Culture based fisheries (CBF) practices in Indian reservoirs play an important role to fulfill the pressure of growing demand of fish. Around 69 manmade reservoirs of Tamilnadu state, India are intensively utilised for fish production through CBF. Catla catla conspicuously outperformed in growth to other Indian major carps Cirrhinus mrigala and Labeo rohita stocked along with this fish. Time series data on annual stock rate (nos/ha) and fish catch (kg/ha) of Catla catla for 28 years on 22 reservoirs of different Carlson‘s TSI values were collected from state fisheries authorities. Reservoirs were grouped into three categories, Western ghat oligotrophic small reservoir (WGOSR), Western ghat oligotrophic medium reservoirs (WGOMR) and mesotrophic plainland reservoirs (MPR). Trend behavior of stocking density with catch over time was analyzed through nonparametric statistical analysis such as Mann-Kendall Test, Sen's slope and Kendall correlation using R/SAS software. Results showed that insignificant (p>0.05) monotonic upward trend in stocking density resulting significant (p<0.05) monotonic upward trend in catch in WGOSR indicated the annual fish catch rate (kg/ha) inclined gradually inspite of inconsistent increase in seed stocking rate (r=0.49. p=0.002). Conversely in WGOMR, catch was inconsistent with respect to the stocking rate as depicted in insignificant trend values (r=0.02. p=0.84). In MPR, the trends ascending rate of stocking enhanced correspondingly the production (r=0.27. p=0.03)   giving scope for further stocking would facilitate the utilization of biogenic capacity of the mesotrophic reservoirs. Hence, production functions of the reservoirs are determined by the trophic status than the surface area.
Key words: Culture based fishery, reservoir, time series, trend analysis, fishery management

Ritu Prem

PhD Student, Indian Insititute of Technology, Kharagpur, India

Title: Design and development of a novel fish feeding system for small and marginal farmers
Speaker
Biography:

Ritu has completed her B.Tech in Agricultural Engineering at the age of 22 years from Kerala Agricultural University and M.Tech in Aquacultural Engineering from Indian Institute of Technology Kharagpur. She is currently doing her Ph.D in Indian Institute of Technology Kharagpur. She has published a journal paper and presented her work in International Conference on Water- Pollution to Purification 2015.

Abstract:

Intensification of aquaculture practices in order to increase the production at par with the increasing demand has led to higher use of supplementary feeds. Feed costs has a significant share of 60-70% of the total production costs, so feed must be judicially applied without any wastage. Both overfeeding and underfeeding are not preferred; overfeeding leads to feed wastage while underfeeding affects the production. So feeding devices which will effectively dispense the feed in the ponds are of great importance. Demand type feeders have been found better than automatic feeders when feed wastage is considered but the automatic feeders help in dispensing fixed amount of feed at preset timings. Since most of the farmers in underdeveloped and developing countries can’t afford systems using high-end technology, simple innovations are necessary to meet the needs of small and marginal farmers. This study aims to develop a novel feeding system which will simply mechanize the current method of feeding practiced by the farmers and optimize the amount of feed dispensed, thus reducing the feed wastage. The designed feeder is mobile so it can feed aquaculture ponds of any size.  The prototype of the proposed design is under construction and will be rigorously tested in laboratory and field conditions.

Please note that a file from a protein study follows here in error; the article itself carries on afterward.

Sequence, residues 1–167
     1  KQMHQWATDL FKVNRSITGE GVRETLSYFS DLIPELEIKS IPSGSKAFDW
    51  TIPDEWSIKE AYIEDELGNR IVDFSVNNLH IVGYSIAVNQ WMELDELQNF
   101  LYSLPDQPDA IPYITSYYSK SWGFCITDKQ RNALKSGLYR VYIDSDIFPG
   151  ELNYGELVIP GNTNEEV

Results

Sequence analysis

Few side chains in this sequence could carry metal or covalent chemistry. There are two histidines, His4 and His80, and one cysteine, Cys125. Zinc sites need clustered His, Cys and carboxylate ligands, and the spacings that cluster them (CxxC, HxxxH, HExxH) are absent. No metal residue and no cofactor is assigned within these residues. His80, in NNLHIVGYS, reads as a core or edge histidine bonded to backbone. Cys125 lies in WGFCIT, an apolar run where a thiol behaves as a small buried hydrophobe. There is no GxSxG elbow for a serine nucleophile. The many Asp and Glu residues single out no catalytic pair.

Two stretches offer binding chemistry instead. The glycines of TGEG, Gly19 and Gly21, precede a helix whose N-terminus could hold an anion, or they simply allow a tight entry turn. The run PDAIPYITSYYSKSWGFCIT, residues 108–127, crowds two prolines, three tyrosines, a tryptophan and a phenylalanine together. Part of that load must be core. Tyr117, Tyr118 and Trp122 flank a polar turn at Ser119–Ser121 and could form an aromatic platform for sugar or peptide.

Nishita Lal

PhD Student, Vellore Insititute of Technology, India

Title: Studies on the Moulting and Developmental Stages of the Brine Shrimp (Artemia)
Speaker
Biography:

Nishita Lal is pursuing her PhD in the field of crustacean molecular endocrinology from Vellore Institute of Technology, Vellore, TN, India, under the guidance of Dr. Anilkumar Gopinathan (Sr. Prof). She has published a review paper entitled “Nuclear Receptors, A Paradigm of Importance for Understanding Hormone Action in Invertebrates: An Overview on Crustaceans” and recently presented paper entitled “Ecdysteroid binding with the nuclear receptor (EcR) in Indian field crabs: First Time Report” is in the 7th National Seminar on Bioinformatics is yet be communicate for publication.

Abstract:

Artemia, the brine shrimp, is widely known as the live feed for finfish and shellfish aquaculture. A clear understanding of the moult, reproductive and developmental stages of a species in question is essential for maintenance of a sustainable stock of the brine shrimp which in turn is crucial for optimization of aquaculture. The present paper would address  the precise characterization of moulting, reproductive and developmental stages of Artemia sp. maintained under laboratory conditions. This study illustrates the stage dependent setogenic events of the telopodite which would provide us with an accurate and simple method for characterization of moult stages. The present study also focuses on the developmental stages of Artemia which would help us precisely identify the larval stages and the ‘age’ of the larvae, a basic, but key information for sustainable maintenance of its culture. The study also brings out a comparative account on the morphological features of the larval, pre-adult and adult stages of Artemia, which would be helpful in identification of the species. The study has also focused on the changes of pre-spawned and post-spawned eggs in laboratory – reared Artemia stock.